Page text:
New Study Links Cannabis Addiction to Genetic Markers

A new study has suggested that people with particular genetic markers may have a higher risk of becoming addicted to marijuana.

Researchers discovered a link between the symptoms of marijuana dependence and three genetic markers. Marijuana dependence is a condition whereby people are unable to stop using marijuana even though their continued use has interfered with their ability to live a normal and healthy life, including damaging relationships and jobs.

The study also showed that there was some overlap between the genetic risk factors of marijuana dependence and the genetic risk factors for depression, suggesting a potential reason the two conditions tend to occur at the same time in the same people.

This study is the first such study to identify specific genetic markers connected to marijuana dependence. However, it will take some more search to confirm the findings for sure and understand how the genetic factors could contribute to a marijuana dependency.

The investigators in the study hope that their findings will help to better understand the biology of marijuana dependence. Future research into marijuana dependence could also perhaps help to identify new targets for medication to treat the disorder. There are currently no recommend treatments for marijuana dependence, according to the National Institution on Drug Abuse (NIDA). The NIDA estimate that around 9% of all people who use marijuana will become dependent on it.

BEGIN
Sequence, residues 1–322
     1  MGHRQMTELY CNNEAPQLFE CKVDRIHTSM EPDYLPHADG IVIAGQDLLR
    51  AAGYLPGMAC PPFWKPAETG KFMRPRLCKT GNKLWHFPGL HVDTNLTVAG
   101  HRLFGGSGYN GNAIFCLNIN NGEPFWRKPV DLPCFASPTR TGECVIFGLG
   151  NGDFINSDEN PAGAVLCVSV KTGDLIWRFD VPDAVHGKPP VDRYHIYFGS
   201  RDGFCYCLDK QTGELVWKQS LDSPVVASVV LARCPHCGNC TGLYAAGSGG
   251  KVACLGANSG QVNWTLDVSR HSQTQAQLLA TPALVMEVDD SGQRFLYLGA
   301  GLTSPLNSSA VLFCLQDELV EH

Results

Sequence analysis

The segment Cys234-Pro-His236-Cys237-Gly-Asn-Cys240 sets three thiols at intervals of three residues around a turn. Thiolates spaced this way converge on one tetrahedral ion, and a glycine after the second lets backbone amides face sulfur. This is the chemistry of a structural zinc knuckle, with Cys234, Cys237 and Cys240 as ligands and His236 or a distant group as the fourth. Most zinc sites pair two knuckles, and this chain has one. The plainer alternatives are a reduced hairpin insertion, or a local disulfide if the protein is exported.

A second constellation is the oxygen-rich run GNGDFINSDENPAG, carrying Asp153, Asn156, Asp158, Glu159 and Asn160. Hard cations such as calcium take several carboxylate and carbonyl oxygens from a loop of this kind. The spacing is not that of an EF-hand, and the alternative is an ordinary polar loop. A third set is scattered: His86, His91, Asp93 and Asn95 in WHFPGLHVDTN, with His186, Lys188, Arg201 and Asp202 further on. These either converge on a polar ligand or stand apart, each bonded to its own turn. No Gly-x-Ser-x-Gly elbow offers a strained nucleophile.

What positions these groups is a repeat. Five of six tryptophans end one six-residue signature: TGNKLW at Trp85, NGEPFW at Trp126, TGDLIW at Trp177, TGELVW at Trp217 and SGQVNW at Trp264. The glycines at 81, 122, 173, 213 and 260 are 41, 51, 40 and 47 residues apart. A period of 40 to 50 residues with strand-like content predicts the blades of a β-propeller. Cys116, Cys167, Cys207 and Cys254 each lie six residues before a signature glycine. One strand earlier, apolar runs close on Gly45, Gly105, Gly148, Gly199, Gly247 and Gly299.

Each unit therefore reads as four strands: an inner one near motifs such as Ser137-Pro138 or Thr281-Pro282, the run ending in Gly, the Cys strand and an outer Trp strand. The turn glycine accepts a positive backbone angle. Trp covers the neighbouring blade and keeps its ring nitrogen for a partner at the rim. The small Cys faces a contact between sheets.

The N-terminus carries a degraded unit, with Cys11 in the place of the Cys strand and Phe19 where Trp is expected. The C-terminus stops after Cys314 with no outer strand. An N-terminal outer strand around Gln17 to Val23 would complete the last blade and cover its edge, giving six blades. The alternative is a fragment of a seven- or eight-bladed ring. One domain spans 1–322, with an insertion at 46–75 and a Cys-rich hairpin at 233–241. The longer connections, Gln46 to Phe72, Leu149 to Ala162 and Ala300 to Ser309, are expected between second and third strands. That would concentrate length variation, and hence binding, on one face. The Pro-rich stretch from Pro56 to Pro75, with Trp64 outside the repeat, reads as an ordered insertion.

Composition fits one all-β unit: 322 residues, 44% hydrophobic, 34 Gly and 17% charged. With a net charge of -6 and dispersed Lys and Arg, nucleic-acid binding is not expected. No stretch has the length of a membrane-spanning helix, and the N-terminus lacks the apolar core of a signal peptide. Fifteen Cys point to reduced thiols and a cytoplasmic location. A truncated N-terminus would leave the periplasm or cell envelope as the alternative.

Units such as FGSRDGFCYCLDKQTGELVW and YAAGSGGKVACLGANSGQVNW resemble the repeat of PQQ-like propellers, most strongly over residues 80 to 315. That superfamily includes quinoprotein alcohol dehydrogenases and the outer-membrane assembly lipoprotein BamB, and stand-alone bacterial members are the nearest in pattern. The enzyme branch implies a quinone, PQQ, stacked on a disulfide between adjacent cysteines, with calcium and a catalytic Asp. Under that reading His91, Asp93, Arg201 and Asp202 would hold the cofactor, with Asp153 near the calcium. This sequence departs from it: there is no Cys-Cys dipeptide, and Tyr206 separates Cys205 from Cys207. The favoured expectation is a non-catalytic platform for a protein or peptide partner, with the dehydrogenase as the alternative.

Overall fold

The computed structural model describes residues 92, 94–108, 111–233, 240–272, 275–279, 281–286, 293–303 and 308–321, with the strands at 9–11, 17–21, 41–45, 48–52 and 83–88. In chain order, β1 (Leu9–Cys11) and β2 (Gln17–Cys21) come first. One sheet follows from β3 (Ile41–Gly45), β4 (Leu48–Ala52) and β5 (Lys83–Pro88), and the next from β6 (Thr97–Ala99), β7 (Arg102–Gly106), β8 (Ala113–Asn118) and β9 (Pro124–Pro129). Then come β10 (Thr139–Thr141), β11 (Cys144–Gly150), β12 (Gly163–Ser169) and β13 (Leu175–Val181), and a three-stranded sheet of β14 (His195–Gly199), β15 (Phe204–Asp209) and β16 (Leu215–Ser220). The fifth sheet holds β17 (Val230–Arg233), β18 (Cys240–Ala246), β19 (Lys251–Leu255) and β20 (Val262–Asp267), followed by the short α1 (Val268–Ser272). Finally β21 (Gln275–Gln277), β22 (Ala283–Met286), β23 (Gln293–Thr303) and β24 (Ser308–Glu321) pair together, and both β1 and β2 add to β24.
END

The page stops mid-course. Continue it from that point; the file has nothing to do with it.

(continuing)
The study was co-authored by Dr Joel Galernter, who works as a professor of genetics, psychiatry, and neuroscience at Yale University School of Medicine in Connecticut. Gelernter worked with his colleagues to analyse information from over 14,000 Americans who joined one of three studies looking into the genetics behind substance-use disorders. Between 18 and 36% of the people in the studies had a marijuana dependence. The researchers checked for different genetic variations, known as single-nucleotide polymorphisms (SNPs) that were connected to the symptoms of marijuana dependence.

The study showed three genetic variants connected to marijuana dependence symptoms. One such genetic variant was located in a gene that helps regulate calcium concentration in blood. Earlier studies have shown that calcium signaling in the body is important for other substance-use disorders, such as a dependence on opioids.

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